Media: New Yemeni cabinet welcomed with terrorist attack
Terror blasts rocked the airport in Yemen’s Aden soon after the arrival of members of a new cabinet, formed following an agreement between the Yemeni government and the Southern Transition Council. The government blamed the terrorist attack on the pro-Iranian Houthi rebels who denied their involvement, Izvestia writes.
The airport explosions "are a very serious provocation aimed at undermining the Riyadh agreements," orientalist scholar Andrei Ontikov pointed out.
"The so-called Riyadh agreements were brokered by Saudi Arabia who supports President Hadi, while the Southern Transition Council, in turn, has the support of the United Arab Emirates. That said, two close countries - Saudi Arabia and the UAE - were divided by disagreements on Yemen," the expert noted. "However, in 2019, an agreement was made on forming a new government, which marked significant progress in efforts towards overcoming the split," Ontikov added.
"The Yemeni authorities have already blamed the attack on Houthi rebels and it would have been strange if they had blamed someone else. The Houthis would certainly benefit from a rift among Yemeni forces but still, an investigation should be carried out and there is no need to hurl groundless accusations," the expert emphasized.
"The Ansar Allah [Houthi] movement has no reason to try to make the situation worse. Various forces may be interested in undermining the Riyadh agreements, primarily, the hardline wing of the Southern Transition Council, which still seeks the independence of southern Yemen," expert with the Russian International Affairs Council Kirill Semenov told Kommersant.
Ontikov was hopeful that "the blast won’t have any serious impact on the political situation" in the country. According to him, given the humanitarian crisis in Yemen, it is particularly important to make sure that the situation does not deteriorate in the wake of the incident.
Kommersant: Public turning off the news media over coronavirus bombardment
It seems that no global crisis of the 21st century compares to the pandemic in terms of focusing everyone’s attention on a single news topic. News and statistics became an integral part of life even for those who never used to pay attention to that particular segment of the information field. However, it’s hard for people to handle the incessant bombardment of apocalyptic news stories, so the audience has begun to grow tired, turning away from news media, Kommersant notes.
Social disturbances always lead to a rise in the audience of media outlets because people tend to read more news, but once the situation stabilizes, they go back to their old ways. The crisis caused by the coronavirus pandemic first seemed to follow the usual scenario. In March, according to the Russian Ministry of Digital Development, the audience of the country’s leading news outlets grew by 65,000,000 to 400,000,000, and the ratings of TV news shows skyrocketed. After the restrictions were lifted in the summer and fall, the numbers went back to last year’s levels.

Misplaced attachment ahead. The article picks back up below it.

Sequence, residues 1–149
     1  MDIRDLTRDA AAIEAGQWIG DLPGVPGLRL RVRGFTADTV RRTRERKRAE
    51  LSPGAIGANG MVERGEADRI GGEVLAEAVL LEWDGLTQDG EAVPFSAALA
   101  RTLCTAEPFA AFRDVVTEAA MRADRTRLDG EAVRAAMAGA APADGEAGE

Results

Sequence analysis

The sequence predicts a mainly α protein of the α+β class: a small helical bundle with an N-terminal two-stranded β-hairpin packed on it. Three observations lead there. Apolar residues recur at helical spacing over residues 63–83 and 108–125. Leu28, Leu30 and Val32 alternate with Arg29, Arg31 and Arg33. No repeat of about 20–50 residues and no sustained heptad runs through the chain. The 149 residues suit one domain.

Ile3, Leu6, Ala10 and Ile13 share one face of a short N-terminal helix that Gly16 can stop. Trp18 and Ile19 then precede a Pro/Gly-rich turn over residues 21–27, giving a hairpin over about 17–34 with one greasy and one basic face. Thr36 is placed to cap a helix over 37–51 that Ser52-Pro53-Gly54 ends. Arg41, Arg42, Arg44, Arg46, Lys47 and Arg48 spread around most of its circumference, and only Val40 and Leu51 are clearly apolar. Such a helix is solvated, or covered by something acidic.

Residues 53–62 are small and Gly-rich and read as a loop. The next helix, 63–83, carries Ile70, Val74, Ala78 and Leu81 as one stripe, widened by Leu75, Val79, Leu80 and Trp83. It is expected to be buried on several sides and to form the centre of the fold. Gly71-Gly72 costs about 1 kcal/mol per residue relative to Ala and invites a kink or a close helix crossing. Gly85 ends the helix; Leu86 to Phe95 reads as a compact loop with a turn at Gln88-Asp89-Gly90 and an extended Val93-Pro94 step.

As a result, this outgoing year will be one of the hardest for the industry. According to the Association of Communication Agencies of Russia, only online advertising managed to escape a collapse in the first three quarters of 2020. According to the NSK think tank, the number of daily newspaper issues plummeted by 70% in the second quarter and by 51% in the first six months of the year. Some newspapers and magazines suspended their printed versions, while others shut down.
As for the audience, it had to deal with an avalanche of bad news. Given that most of the entertainment facilities were closed, people had more time to surf the Internet.
However, the audience started to grow tired and analysts say that more people are now unsubscribing from news pages on social media and are turning off push notifications from news outlets’ mobile apps. That means that 2021 will be a difficult year for the media since will have to fight for an audience.
Kommersant: Is the Kremlin creating splinter parties?
In the spring of 2020, the Russian Justice Ministry registered four new political parties - New People, For Truth, Green Alternative and the Direct Democracy Party. Three of them entered regional assemblies following the fall elections and gained the right to nominate their candidates in the 2021 Russian parliamentary election without collecting voters’ signatures. There is optimism that the new parties will meet the Russian people’s demand for new faces in politics, Kommersant writes.